Dr. Guy Chamberland, CEO and chief regulatory officer of Canadian cannabinoid drug company Tetra Bio-Pharma (TSX:TBP,OTCQB:TBPMF), told INN all the evidence points to the idea that big-name companies are just waiting for the right moment to strike.
“Big Pharma will show up, I’m sure they’re watching us. We know they’re there, they look at us,” Chamberland said, adding, “If you have a drug that is protected, you’ve got the evidence that meets all of the FDA requirements, they will be there.”
Tetra Bio-Pharma is investigating cannabinoids for the treatment of inflammation, pain, ophthalmology and oncology. Its robust pipeline is diversified with a vast number of active trials and examinations of the company’s candidates.
Paul Ramsay is a firm believer that major pharmaceutical players are eager to throw the dice on cannabis drugs. Ramsay is the president of CanaQuest (OTC Pink:CANQF), a small-scale cannabis drug development firm eager to stand out in a market full of competitors researching molecules inside the cannabis plant. “I think it’s inevitable,” Ramsay told INN. “It’s just a matter of how soon?”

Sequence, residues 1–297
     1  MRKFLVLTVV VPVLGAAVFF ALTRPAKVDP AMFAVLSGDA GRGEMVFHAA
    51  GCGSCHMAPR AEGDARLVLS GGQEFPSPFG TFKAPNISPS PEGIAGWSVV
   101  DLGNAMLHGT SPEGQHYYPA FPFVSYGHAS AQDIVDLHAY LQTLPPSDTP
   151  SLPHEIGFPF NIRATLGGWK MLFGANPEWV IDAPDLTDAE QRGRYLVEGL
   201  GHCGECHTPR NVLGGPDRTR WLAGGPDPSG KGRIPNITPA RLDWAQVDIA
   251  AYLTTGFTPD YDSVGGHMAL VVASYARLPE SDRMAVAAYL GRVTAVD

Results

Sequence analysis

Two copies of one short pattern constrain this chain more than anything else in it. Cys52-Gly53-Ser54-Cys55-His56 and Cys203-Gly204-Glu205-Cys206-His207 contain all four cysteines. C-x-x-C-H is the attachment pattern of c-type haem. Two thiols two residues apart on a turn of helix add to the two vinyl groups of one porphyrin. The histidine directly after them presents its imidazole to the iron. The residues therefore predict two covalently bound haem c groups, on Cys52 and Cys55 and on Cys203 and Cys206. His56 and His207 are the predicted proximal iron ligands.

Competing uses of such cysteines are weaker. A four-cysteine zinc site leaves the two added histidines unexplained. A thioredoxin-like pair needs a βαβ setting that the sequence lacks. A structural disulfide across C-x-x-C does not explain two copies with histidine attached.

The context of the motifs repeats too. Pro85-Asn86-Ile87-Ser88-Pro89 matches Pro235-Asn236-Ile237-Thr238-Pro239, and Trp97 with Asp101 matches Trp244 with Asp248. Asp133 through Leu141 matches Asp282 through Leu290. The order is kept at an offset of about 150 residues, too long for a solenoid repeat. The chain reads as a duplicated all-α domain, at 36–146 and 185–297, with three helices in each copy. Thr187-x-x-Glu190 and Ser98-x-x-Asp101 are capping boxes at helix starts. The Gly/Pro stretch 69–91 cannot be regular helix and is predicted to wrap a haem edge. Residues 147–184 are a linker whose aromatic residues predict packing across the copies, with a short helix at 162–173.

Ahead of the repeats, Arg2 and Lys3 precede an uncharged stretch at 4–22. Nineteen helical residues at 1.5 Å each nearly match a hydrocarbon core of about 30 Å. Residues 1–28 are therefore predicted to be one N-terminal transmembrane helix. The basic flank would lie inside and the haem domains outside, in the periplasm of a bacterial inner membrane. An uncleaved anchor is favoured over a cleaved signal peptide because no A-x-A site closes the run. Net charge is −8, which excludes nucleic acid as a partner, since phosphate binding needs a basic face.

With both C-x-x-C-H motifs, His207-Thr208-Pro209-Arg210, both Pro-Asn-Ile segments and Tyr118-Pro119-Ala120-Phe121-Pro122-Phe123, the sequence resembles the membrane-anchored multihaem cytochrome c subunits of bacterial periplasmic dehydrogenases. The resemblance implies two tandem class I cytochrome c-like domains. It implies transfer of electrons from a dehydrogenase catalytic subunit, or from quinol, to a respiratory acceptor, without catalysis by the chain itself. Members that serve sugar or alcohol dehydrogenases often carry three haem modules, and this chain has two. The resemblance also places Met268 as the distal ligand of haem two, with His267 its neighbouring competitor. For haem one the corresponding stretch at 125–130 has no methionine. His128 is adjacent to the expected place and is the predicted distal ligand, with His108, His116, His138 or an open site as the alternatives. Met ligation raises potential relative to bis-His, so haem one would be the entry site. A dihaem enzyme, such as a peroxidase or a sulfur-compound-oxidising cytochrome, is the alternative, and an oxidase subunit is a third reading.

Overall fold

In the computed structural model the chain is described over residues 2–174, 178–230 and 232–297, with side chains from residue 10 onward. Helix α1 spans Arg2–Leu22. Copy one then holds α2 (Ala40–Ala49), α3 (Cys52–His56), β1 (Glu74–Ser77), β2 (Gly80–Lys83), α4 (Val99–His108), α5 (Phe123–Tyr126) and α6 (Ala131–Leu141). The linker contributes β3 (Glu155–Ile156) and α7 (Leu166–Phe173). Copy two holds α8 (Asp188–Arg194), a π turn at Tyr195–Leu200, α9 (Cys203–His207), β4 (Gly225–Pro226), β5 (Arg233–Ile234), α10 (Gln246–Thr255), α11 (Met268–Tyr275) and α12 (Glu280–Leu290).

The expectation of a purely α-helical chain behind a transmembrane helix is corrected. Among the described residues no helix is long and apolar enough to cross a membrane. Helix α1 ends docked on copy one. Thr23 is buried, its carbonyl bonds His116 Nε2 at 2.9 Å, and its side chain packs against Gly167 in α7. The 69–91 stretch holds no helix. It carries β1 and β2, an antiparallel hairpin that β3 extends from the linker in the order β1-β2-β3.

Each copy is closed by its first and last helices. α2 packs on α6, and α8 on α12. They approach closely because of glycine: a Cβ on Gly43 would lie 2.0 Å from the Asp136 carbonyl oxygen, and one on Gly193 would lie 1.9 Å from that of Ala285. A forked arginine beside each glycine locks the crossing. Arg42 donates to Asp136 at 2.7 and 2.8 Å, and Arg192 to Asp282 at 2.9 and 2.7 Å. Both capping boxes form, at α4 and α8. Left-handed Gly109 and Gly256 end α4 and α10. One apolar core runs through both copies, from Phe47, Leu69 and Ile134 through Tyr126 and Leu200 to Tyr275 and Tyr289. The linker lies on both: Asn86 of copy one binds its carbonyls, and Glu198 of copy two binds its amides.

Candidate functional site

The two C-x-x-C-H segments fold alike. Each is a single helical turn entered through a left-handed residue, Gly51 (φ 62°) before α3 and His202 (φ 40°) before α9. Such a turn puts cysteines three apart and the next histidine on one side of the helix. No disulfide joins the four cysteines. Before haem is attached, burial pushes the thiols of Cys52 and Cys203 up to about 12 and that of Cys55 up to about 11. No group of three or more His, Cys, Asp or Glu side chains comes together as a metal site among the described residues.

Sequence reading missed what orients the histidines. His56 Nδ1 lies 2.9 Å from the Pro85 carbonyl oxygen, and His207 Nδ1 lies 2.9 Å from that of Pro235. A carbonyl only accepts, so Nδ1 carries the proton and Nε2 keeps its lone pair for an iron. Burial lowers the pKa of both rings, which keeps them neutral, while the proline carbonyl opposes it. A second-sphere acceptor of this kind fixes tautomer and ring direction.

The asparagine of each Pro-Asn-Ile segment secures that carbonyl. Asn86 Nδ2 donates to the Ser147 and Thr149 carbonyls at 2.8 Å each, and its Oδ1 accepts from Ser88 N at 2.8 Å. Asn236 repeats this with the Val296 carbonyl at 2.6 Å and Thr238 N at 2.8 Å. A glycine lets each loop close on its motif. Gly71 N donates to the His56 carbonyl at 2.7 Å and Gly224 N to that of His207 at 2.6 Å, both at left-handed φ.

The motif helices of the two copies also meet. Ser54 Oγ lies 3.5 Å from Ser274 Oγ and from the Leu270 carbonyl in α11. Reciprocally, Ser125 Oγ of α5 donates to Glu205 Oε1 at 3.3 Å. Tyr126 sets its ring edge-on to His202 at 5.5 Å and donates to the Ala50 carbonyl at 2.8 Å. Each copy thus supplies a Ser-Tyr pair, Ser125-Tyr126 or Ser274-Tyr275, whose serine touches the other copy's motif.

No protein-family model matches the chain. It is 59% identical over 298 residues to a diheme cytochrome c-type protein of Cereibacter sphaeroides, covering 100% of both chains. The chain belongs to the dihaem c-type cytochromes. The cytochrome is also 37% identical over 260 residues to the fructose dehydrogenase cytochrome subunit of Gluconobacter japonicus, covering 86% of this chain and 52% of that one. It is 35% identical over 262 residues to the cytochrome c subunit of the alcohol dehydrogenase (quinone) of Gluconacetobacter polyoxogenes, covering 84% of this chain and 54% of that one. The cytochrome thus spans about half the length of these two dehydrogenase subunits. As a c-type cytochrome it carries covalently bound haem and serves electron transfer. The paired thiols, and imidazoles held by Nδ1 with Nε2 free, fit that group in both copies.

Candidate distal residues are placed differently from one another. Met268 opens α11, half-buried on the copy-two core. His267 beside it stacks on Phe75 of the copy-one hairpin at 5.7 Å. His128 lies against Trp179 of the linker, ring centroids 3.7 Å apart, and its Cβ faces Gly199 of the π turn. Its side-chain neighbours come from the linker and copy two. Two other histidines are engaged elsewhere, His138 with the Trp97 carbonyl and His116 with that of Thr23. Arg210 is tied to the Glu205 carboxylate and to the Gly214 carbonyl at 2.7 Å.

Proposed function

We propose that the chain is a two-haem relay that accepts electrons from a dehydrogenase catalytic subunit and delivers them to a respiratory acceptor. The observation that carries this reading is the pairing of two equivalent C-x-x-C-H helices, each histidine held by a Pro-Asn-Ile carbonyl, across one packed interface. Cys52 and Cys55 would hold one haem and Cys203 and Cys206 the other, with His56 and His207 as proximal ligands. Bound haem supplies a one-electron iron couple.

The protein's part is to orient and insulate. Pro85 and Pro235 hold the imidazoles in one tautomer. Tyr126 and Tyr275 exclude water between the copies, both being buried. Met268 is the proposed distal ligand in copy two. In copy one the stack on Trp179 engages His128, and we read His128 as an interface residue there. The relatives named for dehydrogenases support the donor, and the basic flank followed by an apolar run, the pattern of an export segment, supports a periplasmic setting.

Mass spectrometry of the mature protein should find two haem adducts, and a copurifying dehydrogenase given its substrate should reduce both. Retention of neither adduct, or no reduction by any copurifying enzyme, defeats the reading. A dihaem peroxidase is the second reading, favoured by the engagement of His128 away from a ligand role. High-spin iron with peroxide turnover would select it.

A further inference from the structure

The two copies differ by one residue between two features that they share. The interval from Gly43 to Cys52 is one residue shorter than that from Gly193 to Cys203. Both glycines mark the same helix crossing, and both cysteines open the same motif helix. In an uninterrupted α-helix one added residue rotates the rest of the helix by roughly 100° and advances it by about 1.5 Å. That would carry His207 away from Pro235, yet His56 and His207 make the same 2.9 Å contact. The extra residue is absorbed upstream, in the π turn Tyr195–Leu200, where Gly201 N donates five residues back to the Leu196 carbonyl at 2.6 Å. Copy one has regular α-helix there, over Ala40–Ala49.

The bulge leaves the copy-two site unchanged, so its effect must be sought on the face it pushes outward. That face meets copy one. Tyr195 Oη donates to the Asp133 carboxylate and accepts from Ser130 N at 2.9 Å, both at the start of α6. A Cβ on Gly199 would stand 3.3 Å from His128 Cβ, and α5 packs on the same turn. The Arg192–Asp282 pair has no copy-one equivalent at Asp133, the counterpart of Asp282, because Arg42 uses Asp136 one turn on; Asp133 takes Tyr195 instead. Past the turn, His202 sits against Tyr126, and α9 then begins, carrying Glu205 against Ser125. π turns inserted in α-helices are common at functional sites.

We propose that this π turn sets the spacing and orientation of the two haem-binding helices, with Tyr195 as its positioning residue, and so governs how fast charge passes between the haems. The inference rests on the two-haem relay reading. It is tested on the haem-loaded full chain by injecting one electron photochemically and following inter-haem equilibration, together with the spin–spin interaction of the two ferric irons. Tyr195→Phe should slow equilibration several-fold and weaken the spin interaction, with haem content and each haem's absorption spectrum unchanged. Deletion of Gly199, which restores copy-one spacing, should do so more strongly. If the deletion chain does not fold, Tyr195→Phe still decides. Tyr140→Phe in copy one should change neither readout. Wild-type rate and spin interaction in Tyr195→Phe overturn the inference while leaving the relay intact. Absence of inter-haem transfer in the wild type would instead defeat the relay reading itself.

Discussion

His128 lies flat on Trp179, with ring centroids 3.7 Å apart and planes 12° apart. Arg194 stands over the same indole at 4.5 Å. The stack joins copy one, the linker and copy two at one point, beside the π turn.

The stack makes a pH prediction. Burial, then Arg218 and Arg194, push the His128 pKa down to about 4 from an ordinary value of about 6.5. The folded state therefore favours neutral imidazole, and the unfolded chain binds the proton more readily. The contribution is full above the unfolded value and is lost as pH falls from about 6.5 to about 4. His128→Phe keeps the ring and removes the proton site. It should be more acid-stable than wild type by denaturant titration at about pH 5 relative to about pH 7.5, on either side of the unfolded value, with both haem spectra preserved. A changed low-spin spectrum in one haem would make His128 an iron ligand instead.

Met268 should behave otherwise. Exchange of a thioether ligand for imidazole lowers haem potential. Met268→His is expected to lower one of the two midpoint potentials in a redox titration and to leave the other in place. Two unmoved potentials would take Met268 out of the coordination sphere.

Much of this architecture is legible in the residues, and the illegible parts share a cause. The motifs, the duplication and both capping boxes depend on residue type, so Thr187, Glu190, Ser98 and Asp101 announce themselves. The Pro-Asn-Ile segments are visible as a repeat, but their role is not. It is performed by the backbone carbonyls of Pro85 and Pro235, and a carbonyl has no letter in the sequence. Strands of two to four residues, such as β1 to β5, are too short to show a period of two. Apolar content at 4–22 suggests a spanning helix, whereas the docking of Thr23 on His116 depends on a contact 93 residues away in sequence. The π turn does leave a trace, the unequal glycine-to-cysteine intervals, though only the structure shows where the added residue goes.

CanaQuest wants to research cannabinoids for the treatment of neurological conditions and mental health ailments. Its two leading formulations, CQ-001 Rx and CQ-002 Rx, will be used for drug candidates intended to pursue a similar pathway set forth by Epidiolex, Ramsay said.
Investors unfamiliar with the pharmaceutical landscape may wonder why exactly cannabis players are so interested in potential acquisitions from the life science space, especially when many are making progress on their own. The answer is an easy one: Money.
The drug development cycle is one of the most expensive business endeavors out there.
For a lot of cannabis companies, an acquisition would mean the difference between seeing their drug as the face of the industry or shutting down. The funds obtained from steady investment growth pale in comparison to the sums allowed under the umbrella of a bigger pharmaceutical company.
As such, the race is on for companies to prove to the world that their cannabinoid candidates really are the next Epidiolex.
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Securities Disclosure: I, Bryan Mc Govern, hold no direct investment interest in any company mentioned in this article.
Editorial Disclosure: Lexaria Bioscience is a client of the Investing News Network. This article is not paid-for content.